Flash Frontier

Then and now: Jane Swan

Interviews and Features

A series featuring writers whose work was published in early issues of Flash Frontier


First piece published here?

Like Windows to Springtime

August 2013 | SNOW


My father tells me. There are only three types of people: the ones you love, the ones who love you, and everybody else. Don’t ever forget.

I nod as if I understand, but I am only six, nine, fourteen. I’ve heard these words for as long as I can remember. The birthday kiss on the cheek. The handing over of a present. Not opening it until I have repeated the advice and remembered the difference.


In the church porch my father asks me to repeat the mantra. Our voices echo. He nods, kisses me, takes my arm. I walk towards the altar in a measured pace as if ploughing a furrow between my old life and the new. Glorious splashes of colour from the stained glass wash over my white dress.

On either side and ahead, are the ones who love me, the ones I love and everybody else.


It is winter. Only the unprepared go out seeking essential supplies. Or help. I close the door behind me and step into the new snow covering yesterday’s tracks. My bruised cheek and split lip smart in the cold. I wrap my scarf tighter and tuck my face into my hood. The softness of the wool makes me cry.

My footprints leave hollows in the snow, like windows to springtime.

I walk away from everybody else and head towards my father’s house.

The Best Small Fictions 2015

At the time you published your first story at Flash Frontier, what were you writing, and how did you come to flash fiction? 

I still feel the excitement of that first acceptance from Flash Frontier. Fellow Waitaki Writer Bruce Costello introduced me to you. At that time I had never heard of flash fiction, being more involved with some non-fiction writing, short stories and the beginnings of a novel.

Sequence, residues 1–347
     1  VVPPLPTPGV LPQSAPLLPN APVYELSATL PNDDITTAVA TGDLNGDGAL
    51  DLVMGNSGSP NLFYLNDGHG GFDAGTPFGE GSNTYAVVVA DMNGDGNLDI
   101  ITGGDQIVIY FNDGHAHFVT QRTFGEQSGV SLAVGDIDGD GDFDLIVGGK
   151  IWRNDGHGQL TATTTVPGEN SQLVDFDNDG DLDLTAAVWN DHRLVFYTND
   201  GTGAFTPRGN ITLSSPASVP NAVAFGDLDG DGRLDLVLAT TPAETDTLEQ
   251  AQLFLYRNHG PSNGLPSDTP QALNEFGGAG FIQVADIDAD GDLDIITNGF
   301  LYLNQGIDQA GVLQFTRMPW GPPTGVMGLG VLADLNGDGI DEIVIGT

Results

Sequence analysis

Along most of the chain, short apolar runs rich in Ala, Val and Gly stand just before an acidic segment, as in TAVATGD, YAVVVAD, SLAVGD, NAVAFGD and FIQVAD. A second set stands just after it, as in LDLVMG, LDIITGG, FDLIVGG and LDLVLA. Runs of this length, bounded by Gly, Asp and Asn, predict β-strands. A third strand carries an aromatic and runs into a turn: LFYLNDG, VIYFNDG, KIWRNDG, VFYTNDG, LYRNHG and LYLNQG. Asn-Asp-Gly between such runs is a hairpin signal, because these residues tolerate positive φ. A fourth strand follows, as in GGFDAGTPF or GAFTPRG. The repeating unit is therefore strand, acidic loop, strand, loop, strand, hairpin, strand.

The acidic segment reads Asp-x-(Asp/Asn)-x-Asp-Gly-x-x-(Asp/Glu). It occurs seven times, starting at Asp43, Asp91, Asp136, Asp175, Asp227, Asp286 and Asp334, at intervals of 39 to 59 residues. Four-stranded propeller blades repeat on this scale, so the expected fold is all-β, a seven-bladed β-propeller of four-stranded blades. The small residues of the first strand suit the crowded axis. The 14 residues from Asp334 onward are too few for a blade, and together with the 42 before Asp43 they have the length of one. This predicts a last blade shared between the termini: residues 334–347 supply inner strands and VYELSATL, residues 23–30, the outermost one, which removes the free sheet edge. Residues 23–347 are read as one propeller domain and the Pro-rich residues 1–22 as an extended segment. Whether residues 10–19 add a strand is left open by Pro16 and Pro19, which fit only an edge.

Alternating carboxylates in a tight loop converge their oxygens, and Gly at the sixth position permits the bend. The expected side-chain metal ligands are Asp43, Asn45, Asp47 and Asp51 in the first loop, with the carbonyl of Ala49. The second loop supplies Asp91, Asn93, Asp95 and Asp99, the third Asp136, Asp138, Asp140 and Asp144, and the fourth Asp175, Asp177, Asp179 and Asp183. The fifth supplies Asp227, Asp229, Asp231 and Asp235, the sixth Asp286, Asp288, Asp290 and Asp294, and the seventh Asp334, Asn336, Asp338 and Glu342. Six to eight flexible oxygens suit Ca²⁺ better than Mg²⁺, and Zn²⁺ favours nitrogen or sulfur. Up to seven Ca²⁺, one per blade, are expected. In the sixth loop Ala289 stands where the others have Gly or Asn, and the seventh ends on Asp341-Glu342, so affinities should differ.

Discovering Flash Frontier was a wonderful experience, and an ongoing one. It has led to a couple of print anthology acceptances and I owe that to Flash Frontier, so thank you very much.

What are you writing now, and where has your literary career taken you? 

I am still writing short fiction, though often a big longer. My latest acceptance was in the December 2021 issue of takahē with ‘The Making of the Boy’. My novel still languishes in a drawer! Poetry is a recent passion, the cousin of flash fiction, it exercises my mind in the same way, asking for clarity and brevity, something I am not renowned for in Real Life. The Waitaki Writers Group based in Oamaru is still very close to my heart and I write the monthly newsletter, waffling on as usual.

Could you share a newer piece?



June Gemini and The Twins haven’t had a hit in three years, or been in the studio for two.

Three months ago, June had a baby and is using this as an excuse. “All my creativity, sucked up, literally,” she jokes, “by that Lil Puddin’.”

June has heard a rumour that The Twins are recording by themselves.

If you are twins, she wonders, would that make it a solo album?

She starts to sniffle, causing Lil Puddin’ to gaze at her mother.

“Silly old me.” June does up her bra and pulls down her top. “But Letitia and Lettuce are always falling out, so it probably won’t happen,” she says nuzzling into Puddin’s tummy and blowing a raspberry.

She suddenly thinks that if Lettuce went alone she should call her album Lettuce Leaves.

All that day June tries to come up with a name for a solo Letitia album but can’t. By evening she has tuned her guitar, dusted off the autoharp and found a book of country standards. She croons and strums the baby to sleep.

Lil Puddin’ . . . she must stop saying that. Loretta, is old enough to bring to the studio. Later, glass of iced tea in hand, she rings Warren.

“I’ve got an idea for a Christmas album. Yeah, if I pull finger. Well, I was thinking June in December. No just me.”

Jane Swan Jane Swan lives in Waikouaiti, Dunedin. She writes short stories, flash fiction and more recently has been trying her hand at poetry.

She muses on the story that Janet Frame considered herself a failed poet. Jane is still a staunch supporter of the Waitaki Writers Group based in Oamaru.




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